Section 11(8) of the Administrative Procedure Act, G. L. c. 30A, requires an agency in an adjudicatory proceeding such as this to issue a decision "in writing or stated in the record"; the decision "shall be accompanied by a statement of reasons for the decision, including determination of each issue of fact or law necessary to the decision . . ." (emphasis supplied). G. L. c. 30A, Section 11(8), as inserted by St. 1954, c. 681, Section 1. The requirement exists so that a reviewing court "may exercise its appellate function to determine whether the findings of the agency are supported by the evidence and whether given these findings, the agency correctly applied the law to the facts so found." Maryland Cas. Co. v. Commissioner of Ins., 372 Mass. 554 , 566-567 (1977). See also Sherman v. Rent Control Bd. of Brookline, 367 Mass. 1 , 10-11 (1975). "[S]tatements of reasons, even if not required by c. 30A, tend to ensure administrative justice and to encourage public confidence in the administrative process." Dixie's Bar, Inc. v. Boston Lic. Bd., 357 Mass. 699 , 702 (1970). See also Bowman Transp., Inc. v. Arkansas Best Freight Sys., Inc., 419 U.S. at 285-286 ("While we may not supply a reasoned basis for the agency's action that the agency itself has not given, . . . we will uphold a decision of less than ideal clarity if the agency's path may reasonably be discerned").
We are unable to detect within the existing record any discernible path leading to CRAB's 1992 decision to award benefits, other than, as suggested by SRB, a possible desire on CRAB's part to resolve in as expeditious a manner as possible a matter which, inexplicably, had lain dormant on its docket for some four and one-half years. The record contains neither a written determination of the critical issue of fact left open in 1987, deeming the record insufficient at that point to make a decision concerning eligibility; nor a statement of reasons or explanation supporting CRAB's change of position. In particular, CRAB offers no explanation why information it deemed "essential" in 1987 is, through mere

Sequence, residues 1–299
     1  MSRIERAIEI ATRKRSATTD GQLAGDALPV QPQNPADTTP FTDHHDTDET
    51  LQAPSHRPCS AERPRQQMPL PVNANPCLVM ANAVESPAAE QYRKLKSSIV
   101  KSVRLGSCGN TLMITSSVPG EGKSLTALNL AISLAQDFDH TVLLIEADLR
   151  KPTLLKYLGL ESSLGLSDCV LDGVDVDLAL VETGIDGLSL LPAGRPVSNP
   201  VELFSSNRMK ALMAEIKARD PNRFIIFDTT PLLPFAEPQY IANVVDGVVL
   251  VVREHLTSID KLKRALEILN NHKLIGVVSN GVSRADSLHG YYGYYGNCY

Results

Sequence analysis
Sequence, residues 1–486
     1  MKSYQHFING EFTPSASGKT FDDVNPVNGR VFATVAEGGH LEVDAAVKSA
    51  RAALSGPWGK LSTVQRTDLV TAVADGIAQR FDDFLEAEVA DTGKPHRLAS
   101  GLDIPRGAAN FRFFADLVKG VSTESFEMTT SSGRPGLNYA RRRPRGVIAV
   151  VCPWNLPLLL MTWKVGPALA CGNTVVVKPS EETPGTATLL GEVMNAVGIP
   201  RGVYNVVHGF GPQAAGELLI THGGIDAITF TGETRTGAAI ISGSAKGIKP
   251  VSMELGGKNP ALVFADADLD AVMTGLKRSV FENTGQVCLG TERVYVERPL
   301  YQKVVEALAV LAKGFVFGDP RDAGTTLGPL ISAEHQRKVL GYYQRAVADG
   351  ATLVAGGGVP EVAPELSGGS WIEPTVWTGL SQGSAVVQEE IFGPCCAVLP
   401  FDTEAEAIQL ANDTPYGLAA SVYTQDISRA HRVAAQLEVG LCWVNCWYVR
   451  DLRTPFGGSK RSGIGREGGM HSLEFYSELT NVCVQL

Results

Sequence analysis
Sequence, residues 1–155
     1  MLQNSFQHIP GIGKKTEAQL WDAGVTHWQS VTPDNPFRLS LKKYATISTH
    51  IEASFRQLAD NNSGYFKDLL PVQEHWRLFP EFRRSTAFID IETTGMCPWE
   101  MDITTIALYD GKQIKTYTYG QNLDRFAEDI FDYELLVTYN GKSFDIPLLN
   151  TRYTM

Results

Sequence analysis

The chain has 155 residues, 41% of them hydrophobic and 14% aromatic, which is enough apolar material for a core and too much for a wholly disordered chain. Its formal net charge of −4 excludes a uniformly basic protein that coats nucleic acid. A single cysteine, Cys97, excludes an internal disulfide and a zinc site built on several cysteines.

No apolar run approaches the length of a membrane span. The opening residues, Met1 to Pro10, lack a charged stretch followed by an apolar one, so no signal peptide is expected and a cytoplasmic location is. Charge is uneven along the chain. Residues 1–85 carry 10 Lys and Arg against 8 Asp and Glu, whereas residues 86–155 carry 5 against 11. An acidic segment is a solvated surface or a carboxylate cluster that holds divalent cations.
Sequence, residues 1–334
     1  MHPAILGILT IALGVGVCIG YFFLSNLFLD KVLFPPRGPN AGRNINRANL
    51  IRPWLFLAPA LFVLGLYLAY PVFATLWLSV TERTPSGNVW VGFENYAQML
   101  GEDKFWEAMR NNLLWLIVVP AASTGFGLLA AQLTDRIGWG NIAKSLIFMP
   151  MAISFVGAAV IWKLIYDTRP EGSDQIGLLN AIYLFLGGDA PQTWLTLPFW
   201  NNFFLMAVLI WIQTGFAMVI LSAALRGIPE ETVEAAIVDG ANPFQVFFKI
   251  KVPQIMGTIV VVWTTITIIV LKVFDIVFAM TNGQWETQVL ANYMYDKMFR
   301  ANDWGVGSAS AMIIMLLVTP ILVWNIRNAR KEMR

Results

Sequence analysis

passage of time, no longer considered essential in 1992. We rule that that omission constitutes arbitrary and capricious action within the meaning of c. 30A, Section 14(7)(g), and, we, therefore, reverse the judgment of the Superior Court upholding CRAB's decision. Cherubino v. Board of Registration of Chiropractors, 403 Mass. at 358-359, and Massachusetts Elec. Co. v. Department of Pub. Utils., 376 Mass. 294 , 312 (1978), are not to the contrary. In Cherubino, unlike here, the administrative record supporting the board's determination of a statutory violation by the appellant was not the same one upon which the board had previously found no statutory violation. Following remand, the record was expanded to include a second administrative hearing, reconstruction by the appellant of the earlier untranscribed hearing, and additional exhibits. Cherubino, 403 Mass. at 352-353. Furthermore, the board supported its amended decision with a statement in the record that its earlier failure to find a violation was "inadvertent." Id. at 359. Massachusetts Elec. Co. v. Department of Pub. Utils., supra, concerned allegedly contradictory or inconsistent results reached by the Department of Public Utilities (DPU) in separate adjudications. The Supreme Judicial Court noted that the DPU was obligated under G. L. c. 30A, Section 11(8), to supply reasons supporting its decision in a particular case, id. at 312, but that it was under no obligation to explain or reconcile that result with the result in another case. Ibid.
The judgment is reversed, and the matter is to be remanded to CRAB. At oral argument, it was represented that the husband's hospital records have now been provided. However, we do not know whether those records have been incorporated into the official administrative record. On remand, CRAB may in its discretion choose to include the records, if it has not already done so. CRAB is further instructed to render a final decision on the record (once it is closed) and to include therein a statement of reasons or explanation supporting its decision.
[Note 1] Mary Grant.